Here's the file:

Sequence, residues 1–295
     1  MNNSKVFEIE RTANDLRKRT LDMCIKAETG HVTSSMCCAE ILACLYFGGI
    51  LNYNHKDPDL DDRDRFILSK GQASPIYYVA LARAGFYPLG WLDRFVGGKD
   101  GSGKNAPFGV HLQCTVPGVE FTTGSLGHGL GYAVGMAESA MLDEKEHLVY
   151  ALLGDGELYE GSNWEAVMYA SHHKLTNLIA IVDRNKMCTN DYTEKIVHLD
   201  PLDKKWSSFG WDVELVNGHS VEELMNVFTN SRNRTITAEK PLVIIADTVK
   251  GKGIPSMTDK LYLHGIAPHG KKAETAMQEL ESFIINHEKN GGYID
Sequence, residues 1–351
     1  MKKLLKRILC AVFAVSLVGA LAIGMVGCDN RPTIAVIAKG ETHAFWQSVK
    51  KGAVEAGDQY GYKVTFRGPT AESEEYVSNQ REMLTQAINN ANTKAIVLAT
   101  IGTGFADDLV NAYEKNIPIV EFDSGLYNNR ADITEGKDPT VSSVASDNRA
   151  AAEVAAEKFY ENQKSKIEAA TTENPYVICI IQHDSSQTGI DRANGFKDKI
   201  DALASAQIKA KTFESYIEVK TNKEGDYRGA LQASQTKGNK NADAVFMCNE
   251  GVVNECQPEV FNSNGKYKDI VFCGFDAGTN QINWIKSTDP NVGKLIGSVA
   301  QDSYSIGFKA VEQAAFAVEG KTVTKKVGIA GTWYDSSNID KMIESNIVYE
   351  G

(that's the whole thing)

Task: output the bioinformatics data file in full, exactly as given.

Sequence, residues 1–295
     1  MNNSKVFEIE RTANDLRKRT LDMCIKAETG HVTSSMCCAE ILACLYFGGI
    51  LNYNHKDPDL DDRDRFILSK GQASPIYYVA LARAGFYPLG WLDRFVGGKD
   101  GSGKNAPFGV HLQCTVPGVE FTTGSLGHGL GYAVGMAESA MLDEKEHLVY
   151  ALLGDGELYE GSNWEAVMYA SHHKLTNLIA IVDRNKMCTN DYTEKIVHLD
   201  PLDKKWSSFG WDVELVNGHS VEELMNVFTN SRNRTITAEK PLVIIADTVK
   251  GKGIPSMTDK LYLHGIAPHG KKAETAMQEL ESFIINHEKN GGYID
Sequence, residues 1–351
     1  MKKLLKRILC AVFAVSLVGA LAIGMVGCDN RPTIAVIAKG ETHAFWQSVK
    51  KGAVEAGDQY GYKVTFRGPT AESEEYVSNQ REMLTQAINN ANTKAIVLAT
   101  IGTGFADDLV NAYEKNIPIV EFDSGLYNNR ADITEGKDPT VSSVASDNRA
   151  AAEVAAEKFY ENQKSKIEAA TTENPYVICI IQHDSSQTGI DRANGFKDKI
   201  DALASAQIKA KTFESYIEVK TNKEGDYRGA LQASQTKGNK NADAVFMCNE
   251  GVVNECQPEV FNSNGKYKDI VFCGFDAGTN QINWIKSTDP NVGKLIGSVA
   301  QDSYSIGFKA VEQAAFAVEG KTVTKKVGIA GTWYDSSNID KMIESNIVYE
   351  G